Our Jobs for Nature programme is forging ahead – boosting our economic recovery, providing jobs in the regions, and better looking after our natural landscapes, native bush, birds, waterways, and coast. Dozens of projects have been included in the programme since we took office again – creating hundreds of jobs while supercharging efforts to clean our rivers systems, fight kauri dieback, train predator control specialists, and more.

We’re breaking down barriers to education and filling skills gaps. We’ve invested in new classrooms and other school upgrades across the country, which will improve the learning environment of hundreds of thousands of students. Up to 300,000 children with diverse learning needs are now being supported, thanks to our new learning support coordinators. We’ve expanded free lunches in schools, meaning an additional 88,000 students get a healthy meal every school day, and we’ll start rolling out free period products to all schools that opt in from next month.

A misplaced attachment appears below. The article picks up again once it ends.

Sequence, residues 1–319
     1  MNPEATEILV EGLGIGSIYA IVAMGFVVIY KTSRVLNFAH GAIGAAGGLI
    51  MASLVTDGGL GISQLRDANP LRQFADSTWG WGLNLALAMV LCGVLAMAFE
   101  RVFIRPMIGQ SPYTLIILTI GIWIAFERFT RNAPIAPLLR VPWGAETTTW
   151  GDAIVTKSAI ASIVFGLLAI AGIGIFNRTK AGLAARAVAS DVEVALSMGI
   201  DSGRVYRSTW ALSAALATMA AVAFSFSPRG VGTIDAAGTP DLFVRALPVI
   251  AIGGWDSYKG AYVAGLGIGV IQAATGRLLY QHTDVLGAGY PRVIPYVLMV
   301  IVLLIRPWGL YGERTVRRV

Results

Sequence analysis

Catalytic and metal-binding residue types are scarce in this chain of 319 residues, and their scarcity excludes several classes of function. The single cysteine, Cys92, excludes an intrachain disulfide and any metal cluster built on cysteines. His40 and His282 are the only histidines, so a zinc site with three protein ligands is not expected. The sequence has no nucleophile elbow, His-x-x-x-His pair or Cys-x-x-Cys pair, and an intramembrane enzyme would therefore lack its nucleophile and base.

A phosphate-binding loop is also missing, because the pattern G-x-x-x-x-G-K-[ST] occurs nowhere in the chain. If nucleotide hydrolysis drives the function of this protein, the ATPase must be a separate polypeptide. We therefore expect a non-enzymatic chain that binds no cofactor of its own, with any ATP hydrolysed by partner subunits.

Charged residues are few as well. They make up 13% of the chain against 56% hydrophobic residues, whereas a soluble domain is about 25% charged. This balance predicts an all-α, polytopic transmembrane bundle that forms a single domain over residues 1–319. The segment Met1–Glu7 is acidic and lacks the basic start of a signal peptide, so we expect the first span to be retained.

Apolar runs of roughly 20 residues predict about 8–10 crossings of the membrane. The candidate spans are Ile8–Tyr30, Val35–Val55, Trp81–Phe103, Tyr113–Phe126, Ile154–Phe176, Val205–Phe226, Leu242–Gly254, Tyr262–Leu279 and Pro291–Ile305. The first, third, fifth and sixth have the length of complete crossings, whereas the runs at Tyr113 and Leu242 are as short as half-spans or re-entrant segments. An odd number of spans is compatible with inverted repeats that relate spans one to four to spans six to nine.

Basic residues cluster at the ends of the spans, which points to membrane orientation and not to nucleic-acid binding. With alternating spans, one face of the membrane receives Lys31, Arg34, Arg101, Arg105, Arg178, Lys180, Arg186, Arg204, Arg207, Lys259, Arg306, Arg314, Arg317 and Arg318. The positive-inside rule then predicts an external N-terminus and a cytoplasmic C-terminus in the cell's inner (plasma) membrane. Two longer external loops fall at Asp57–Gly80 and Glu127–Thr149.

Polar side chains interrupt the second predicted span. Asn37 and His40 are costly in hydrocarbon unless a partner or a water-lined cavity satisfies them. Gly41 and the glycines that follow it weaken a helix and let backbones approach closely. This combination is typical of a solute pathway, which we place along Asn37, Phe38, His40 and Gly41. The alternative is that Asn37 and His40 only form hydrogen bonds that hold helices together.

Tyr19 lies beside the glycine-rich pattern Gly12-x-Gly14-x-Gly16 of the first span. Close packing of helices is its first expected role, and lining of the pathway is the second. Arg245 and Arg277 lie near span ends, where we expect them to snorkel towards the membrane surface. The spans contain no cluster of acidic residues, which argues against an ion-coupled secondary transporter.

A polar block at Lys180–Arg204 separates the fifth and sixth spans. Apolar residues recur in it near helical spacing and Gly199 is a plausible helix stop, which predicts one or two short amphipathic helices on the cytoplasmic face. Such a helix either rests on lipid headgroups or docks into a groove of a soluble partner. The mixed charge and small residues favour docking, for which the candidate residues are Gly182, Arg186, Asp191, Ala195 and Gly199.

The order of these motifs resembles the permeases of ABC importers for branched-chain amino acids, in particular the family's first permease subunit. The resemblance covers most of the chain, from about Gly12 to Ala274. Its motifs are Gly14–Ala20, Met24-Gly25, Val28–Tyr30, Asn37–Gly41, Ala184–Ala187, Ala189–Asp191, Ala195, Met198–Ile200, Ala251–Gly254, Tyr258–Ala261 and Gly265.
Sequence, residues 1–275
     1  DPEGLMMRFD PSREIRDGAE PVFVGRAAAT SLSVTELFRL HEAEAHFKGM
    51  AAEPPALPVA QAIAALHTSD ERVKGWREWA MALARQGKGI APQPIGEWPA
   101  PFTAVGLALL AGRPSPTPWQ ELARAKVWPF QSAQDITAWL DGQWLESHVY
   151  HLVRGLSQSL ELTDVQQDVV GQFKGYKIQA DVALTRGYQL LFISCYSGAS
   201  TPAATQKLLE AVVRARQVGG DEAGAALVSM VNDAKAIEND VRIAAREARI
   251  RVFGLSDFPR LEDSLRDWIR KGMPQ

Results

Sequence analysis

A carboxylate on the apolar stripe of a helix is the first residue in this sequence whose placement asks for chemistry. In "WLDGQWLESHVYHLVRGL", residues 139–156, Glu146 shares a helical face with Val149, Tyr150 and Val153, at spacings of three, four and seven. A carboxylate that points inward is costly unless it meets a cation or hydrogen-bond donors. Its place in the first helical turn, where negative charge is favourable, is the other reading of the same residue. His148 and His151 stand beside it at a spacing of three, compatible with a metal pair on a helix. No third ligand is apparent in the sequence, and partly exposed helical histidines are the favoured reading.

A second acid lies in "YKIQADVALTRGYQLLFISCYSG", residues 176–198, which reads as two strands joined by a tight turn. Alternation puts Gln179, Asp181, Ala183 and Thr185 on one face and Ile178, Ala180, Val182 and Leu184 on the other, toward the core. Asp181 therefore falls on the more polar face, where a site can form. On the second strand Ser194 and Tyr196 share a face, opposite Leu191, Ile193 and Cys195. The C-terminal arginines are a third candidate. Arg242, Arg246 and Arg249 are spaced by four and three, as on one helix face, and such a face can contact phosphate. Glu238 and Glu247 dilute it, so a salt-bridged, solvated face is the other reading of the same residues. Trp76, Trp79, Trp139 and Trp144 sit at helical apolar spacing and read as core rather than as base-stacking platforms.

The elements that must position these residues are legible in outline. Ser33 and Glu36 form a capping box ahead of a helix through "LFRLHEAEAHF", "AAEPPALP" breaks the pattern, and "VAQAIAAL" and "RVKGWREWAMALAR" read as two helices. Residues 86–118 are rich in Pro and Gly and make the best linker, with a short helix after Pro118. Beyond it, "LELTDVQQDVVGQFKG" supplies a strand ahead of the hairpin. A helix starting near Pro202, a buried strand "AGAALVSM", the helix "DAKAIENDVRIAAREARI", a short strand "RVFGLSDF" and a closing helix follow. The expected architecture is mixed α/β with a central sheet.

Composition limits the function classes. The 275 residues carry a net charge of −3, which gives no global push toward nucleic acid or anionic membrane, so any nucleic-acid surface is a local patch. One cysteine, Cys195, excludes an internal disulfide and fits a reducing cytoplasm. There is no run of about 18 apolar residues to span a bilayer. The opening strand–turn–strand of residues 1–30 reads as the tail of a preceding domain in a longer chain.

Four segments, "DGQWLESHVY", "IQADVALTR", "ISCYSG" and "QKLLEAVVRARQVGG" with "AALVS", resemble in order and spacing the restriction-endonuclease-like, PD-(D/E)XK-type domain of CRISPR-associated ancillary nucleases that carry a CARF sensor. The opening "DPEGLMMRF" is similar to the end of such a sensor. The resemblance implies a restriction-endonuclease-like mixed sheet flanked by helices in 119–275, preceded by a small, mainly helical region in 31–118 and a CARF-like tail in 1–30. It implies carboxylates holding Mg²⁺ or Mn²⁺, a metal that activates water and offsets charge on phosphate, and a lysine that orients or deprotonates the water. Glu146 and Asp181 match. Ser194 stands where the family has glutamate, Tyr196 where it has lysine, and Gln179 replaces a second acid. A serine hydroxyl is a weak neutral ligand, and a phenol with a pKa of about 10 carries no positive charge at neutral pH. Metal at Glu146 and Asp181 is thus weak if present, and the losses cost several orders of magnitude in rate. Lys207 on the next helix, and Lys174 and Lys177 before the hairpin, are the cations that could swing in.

More than 100,000 people have accessed free apprenticeships and free trades training since we introduced the initiative in July. Our extended Apprenticeship Boost initiative has further supported our economic recovery, supporting people into meaningful and sustainable work, and helping industry by filling skills gaps.